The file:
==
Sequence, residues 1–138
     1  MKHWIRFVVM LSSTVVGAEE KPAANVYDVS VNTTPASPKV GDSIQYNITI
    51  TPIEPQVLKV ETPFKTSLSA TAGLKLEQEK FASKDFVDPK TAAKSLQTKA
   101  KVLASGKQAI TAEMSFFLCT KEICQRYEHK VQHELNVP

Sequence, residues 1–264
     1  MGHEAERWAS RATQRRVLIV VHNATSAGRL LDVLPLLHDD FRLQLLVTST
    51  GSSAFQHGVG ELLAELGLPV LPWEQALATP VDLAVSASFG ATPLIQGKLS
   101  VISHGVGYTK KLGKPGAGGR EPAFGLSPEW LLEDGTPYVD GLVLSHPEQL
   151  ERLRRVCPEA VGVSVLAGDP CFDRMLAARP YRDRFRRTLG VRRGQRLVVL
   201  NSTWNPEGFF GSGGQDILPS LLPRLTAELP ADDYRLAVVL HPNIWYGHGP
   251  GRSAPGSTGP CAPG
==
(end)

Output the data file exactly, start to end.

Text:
Sequence, residues 1–138
     1  MKHWIRFVVM LSSTVVGAEE KPAANVYDVS VNTTPASPKV GDSIQYNITI
    51  TPIEPQVLKV ETPFKTSLSA TAGLKLEQEK FASKDFVDPK TAAKSLQTKA
   101  KVLASGKQAI TAEMSFFLCT KEICQRYEHK VQHELNVP

Sequence, residues 1–264
     1  MGHEAERWAS RATQRRVLIV VHNATSAGRL LDVLPLLHDD FRLQLLVTST
    51  GSSAFQHGVG ELLAELGLPV LPWEQALATP VDLAVSASFG ATPLIQGKLS
   101  VISHGVGYTK KLGKPGAGGR EPAFGLSPEW LLEDGTPYVD GLVLSHPEQL
   151  ERLRRVCPEA VGVSVLAGDP CFDRMLAARP YRDRFRRTLG VRRGQRLVVL
   201  NSTWNPEGFF GSGGQDILPS LLPRLTAELP ADDYRLAVVL HPNIWYGHGP
   251  GRSAPGSTGP CAPG